So back to the, which arm do you want the IV in? Really, I get a choice? How nice.

I pointed to another patient along the hall - how about that arm, over there? Ha, ha, har . . .

. . . Left. I need to drive a manual transmission out of here today so want my shifting arm in good shape.

Why the back of the gorram hand?

It’s so, incase the worst happens, they can wheel you in to the operating room . . .

Gee, thanks. I feel a whole lot better now.

No, I ask the nurse, why the pamphlet before all this telling me that the procedure I’m about to undergo can lead to death? I mean, I’m already on edge here, why the “death” threats?

Just procedure (IE; covering their butts). She tells me that even if they were to give me an aspirin I would have to read and sign this form.

I sign the form - I wonder if the paratroopers on D-Day had to sign a form?

Well, I go back to the meat locker waiting room and begin to slurp down the ridiculous amount of syrupy goop.

After about twenty minutes, and one container later, my bladder is filling up.

So, off I go to the washroom to unload.

I come back and wait another twenty minutes or so.

What in Hell’s half acre is taking so bloody long?

Finally, the assistant pokes her head around and calls my name. As she walks me along she tells me they came out twenty minutes ago but I wasn’t there.

Um, gee, you just had me swallowing two liters of syrup - do ya think I may have been in the can?

My humour is turning to into sarcastic vitriol at this time. I blame it on my body temperature being ten degrees below normal.

Happy nurse shows again and in her hand is another smaller Styrofoam cup - full of orange sweet sickly stuff.

She tells me I need a top-up because I was gone so long.

I am resigned to my fate at this point and just suck it down like a good trapped rat.

The wait is short and I’m lead into the CT scan room. Cool, I think.

You have the X-Files slab and a giant torus shaped apparatus which the table feeds you into.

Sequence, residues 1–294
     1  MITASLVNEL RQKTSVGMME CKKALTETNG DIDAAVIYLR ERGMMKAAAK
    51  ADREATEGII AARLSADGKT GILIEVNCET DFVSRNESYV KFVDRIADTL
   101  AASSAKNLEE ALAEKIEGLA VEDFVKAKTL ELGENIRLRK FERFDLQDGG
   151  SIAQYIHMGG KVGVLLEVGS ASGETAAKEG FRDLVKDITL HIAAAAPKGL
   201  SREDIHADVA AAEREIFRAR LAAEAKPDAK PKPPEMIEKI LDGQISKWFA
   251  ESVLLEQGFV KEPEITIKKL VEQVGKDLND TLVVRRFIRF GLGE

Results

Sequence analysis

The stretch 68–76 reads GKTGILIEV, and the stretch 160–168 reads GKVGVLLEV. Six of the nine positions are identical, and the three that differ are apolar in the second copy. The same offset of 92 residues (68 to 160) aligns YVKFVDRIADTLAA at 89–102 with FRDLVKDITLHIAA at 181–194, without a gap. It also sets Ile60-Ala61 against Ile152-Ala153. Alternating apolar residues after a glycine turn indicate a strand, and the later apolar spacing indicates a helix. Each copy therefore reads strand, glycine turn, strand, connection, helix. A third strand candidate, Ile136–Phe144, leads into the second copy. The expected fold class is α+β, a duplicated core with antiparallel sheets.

Not cool, I think as they set me down and strap me in place. Still, no more goop to drink thank Josefat.

Once I’m securely in place they hook up the IV quick connect and get ready for a test? They need to test? How faulty is this equipment anyhow?

And, the test does not work. Bubbles in the IV line or something. The nurse wacks on the unit, just like you would expect a professional to fix something - it works. So, not all you see in the movies is make believe.

The assistant and nurse scurry off behind a protective barrier. I’m reminded of footage of nuclear bomb testing - and I’m at ground zero.

The giant torus, my feet are pointing at, begins to whir and the unit gets up to speed. It sounds like a muted jet engine. Cool, I think again knowing the end is near . . . Okay, not the most appropriate thought, but what do you want.

I am told the unit hooked up to my IV will now administer the lethal (okay, not lethal) dose of metallic iodine something or other - and the most peculiar sensation hits me.

No, not the light in the distance (just the overhead florescent) but my bladder all of a sudden feels hot. Strange, very strange.

I’m fed through the unit as it whirs at top speed. In the torus, then out of the torus.

I picture Homer Simpson taking a bite out of it. I does resemble a rather large white powder donut.

Nurse comes back. Pops out the IV. I’m free to go.

As a bonus - I didn’t die!

A parting word of advice to all you youngins out there. Eat lots of fibre, drink lots of water and stay the hell away from crap food.

Your innards will love you and you may never have to have a CT scan.

For me - the beginning - of the rest of my goo food life.